There is currently a very large international focus on hospital-acquired infections, which can be associated with reusable medical devices that are difficult to clean, disinfect and sterilize. HAI’s are caused by viral, bacterial, and fungal pathogens. The most common types are bloodstream infection (BSI), pneumonia, urinary tract infection (UTI), and surgical site infection (SSI).
The UK National Audit Office estimated that in 2004 the rate of HAI in the UK ran at 9%, including some 5000 deaths. The cost to the UK NHS is over €1.5 billion/£1 billion each year. They also compared the UK with other countries and found the rate of HAI to be between 4% and 10%1, and the incidences of HAI’s is increasing. There is a renewed, industry-wide focus on implementing methods to reduce these risks. One method for reducing rates of HAI’s is using single-use medical devices.
Single-use, or disposable, medical devices as those strictly intended for use on one patient during only one procedure. These devices should not be reprocessed and instead are properly disposed of immediately after use.
Single-use medical supplies are a reliable option for ensuring all devices are decontaminated. They can protect patients from developing life-threatening infections from cross-contamination or unsafe conditions during medical procedures and treatment regimens.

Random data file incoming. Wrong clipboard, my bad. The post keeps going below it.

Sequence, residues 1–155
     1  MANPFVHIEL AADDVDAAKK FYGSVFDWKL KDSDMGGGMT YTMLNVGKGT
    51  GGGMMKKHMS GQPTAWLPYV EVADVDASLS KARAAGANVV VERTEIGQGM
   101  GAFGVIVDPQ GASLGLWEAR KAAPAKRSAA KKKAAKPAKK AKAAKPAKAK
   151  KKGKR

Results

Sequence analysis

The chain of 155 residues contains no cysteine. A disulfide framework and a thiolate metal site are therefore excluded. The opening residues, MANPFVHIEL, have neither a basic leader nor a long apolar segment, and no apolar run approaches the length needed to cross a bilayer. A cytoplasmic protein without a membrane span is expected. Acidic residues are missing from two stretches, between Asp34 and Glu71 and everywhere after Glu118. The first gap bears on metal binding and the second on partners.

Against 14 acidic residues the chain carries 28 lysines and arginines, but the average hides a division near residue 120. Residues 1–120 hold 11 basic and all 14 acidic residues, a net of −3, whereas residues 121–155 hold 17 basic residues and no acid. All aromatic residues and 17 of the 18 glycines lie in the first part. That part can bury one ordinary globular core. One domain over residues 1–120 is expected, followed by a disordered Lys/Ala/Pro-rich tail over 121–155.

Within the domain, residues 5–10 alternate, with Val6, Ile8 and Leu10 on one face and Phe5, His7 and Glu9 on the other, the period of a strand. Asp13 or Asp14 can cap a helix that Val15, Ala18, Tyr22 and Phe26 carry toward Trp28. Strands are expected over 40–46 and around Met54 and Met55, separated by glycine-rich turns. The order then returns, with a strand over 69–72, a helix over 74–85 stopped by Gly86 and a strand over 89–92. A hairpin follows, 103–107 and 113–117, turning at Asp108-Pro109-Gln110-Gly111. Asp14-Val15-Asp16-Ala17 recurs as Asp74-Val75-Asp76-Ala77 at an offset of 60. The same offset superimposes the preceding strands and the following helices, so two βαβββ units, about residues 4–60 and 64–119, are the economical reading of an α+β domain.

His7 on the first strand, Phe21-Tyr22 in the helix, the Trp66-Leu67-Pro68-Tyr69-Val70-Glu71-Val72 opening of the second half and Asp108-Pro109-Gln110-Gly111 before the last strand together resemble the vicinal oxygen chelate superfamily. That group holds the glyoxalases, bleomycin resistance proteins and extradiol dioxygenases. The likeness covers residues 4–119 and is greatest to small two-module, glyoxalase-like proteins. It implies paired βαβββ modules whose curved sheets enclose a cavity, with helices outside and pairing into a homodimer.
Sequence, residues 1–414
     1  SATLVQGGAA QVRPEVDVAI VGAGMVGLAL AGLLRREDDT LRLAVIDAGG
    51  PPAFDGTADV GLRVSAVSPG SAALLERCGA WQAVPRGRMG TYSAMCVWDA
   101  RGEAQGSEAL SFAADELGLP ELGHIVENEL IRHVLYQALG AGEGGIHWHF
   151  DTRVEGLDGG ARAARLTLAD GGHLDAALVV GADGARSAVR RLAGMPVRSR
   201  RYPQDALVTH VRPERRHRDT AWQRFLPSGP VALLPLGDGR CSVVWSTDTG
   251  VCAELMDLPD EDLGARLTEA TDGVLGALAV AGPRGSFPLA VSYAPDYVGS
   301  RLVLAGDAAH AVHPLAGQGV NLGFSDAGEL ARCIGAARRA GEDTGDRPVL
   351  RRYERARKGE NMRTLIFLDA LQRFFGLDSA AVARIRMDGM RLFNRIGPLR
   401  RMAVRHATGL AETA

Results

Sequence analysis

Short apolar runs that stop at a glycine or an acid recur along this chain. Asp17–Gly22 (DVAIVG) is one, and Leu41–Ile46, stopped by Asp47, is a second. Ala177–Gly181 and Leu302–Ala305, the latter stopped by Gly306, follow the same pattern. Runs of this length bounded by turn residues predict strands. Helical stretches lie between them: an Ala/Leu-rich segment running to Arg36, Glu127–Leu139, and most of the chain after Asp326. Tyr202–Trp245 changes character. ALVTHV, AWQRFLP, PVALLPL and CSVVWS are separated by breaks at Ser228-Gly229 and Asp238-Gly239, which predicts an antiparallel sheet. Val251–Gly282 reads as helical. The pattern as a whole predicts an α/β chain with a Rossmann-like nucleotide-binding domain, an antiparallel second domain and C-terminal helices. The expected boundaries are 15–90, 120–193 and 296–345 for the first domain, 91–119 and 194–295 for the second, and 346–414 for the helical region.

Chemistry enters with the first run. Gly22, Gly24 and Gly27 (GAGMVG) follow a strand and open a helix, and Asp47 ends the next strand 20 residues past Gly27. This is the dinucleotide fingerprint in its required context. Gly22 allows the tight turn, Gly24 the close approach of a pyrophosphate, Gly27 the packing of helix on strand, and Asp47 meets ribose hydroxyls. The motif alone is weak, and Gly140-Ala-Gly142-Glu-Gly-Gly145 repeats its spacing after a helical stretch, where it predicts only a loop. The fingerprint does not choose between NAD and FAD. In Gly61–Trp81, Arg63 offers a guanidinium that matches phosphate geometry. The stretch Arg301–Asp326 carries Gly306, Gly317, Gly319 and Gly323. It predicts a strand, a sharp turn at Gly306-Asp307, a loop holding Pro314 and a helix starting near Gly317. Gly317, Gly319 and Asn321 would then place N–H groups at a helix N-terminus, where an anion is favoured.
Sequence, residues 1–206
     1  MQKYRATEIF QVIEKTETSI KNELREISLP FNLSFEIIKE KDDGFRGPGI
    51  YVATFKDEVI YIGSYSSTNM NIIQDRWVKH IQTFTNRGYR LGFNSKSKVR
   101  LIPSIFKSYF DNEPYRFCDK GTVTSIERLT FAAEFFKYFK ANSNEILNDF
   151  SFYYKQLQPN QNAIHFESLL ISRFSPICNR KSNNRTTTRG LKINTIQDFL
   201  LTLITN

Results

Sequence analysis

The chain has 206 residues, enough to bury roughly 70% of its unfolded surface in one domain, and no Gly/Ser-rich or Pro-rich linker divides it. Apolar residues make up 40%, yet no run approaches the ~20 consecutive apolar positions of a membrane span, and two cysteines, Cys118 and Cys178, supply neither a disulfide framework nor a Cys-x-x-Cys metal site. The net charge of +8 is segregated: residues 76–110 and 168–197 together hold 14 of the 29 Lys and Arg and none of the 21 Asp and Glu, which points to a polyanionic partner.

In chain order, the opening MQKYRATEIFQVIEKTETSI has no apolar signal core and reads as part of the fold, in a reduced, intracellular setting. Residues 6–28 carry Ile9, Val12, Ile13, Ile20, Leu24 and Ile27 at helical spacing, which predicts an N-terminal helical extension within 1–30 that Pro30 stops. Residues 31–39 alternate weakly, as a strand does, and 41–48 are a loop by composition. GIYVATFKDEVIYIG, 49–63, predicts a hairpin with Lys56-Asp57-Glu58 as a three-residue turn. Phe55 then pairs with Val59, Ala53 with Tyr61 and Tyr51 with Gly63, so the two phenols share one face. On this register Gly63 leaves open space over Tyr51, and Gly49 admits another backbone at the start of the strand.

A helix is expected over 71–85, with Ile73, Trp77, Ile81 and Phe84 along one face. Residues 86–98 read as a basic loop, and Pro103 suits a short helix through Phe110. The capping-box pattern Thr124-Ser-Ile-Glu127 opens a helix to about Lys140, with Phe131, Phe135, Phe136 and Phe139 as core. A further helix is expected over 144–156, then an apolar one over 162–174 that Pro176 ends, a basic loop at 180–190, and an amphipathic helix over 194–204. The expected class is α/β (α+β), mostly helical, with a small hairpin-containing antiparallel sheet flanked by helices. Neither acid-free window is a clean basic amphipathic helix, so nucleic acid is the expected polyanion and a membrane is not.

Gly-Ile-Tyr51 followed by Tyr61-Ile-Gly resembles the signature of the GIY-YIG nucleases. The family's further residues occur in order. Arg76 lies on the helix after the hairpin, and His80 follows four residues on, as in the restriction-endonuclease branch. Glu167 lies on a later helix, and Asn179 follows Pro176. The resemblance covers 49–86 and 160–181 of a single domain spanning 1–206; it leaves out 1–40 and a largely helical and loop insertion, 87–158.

Single use medical devices simplify processes within hospitals. They eliminate the need for complicated guidelines setting out procedures for cleaning, sterilizing, checking functionality, labelling and tracking.2
Single use medical devices also make it possible to create innovative designs, which in turn lead to faster, more efficacious, and less risky procedures. In other words, single use medical devices provide treatment that would not otherwise be available.2
Often claims are made that waste generated by the disposal of single use devices could be considered as environmentally unfriendly. However, any analyses of the environmental impact of single use devices should also consider the significant resources (e.g. chemicals and packaging) needed and the energy consumed during the cleaning, disinfection and sterilization of devices.2
Ask GA2 Medical about reducing the risks or visit our website www.ga2medical.com to find out more about our range of single patient use and reusable medical devices and products.
Reference: 1 National Audit Office Report (HC 876, 2003-2004) Improving patient care by reducing the risk of Hospital Acquired Infections. http://web.nao.org.uk/search/search.aspx?Schema=&terms=HC+876,+20032004 (accessed 8th December 2009).
Reference: 2 Eucomed White Paper on the reuse of single use devices, December 15, 2009.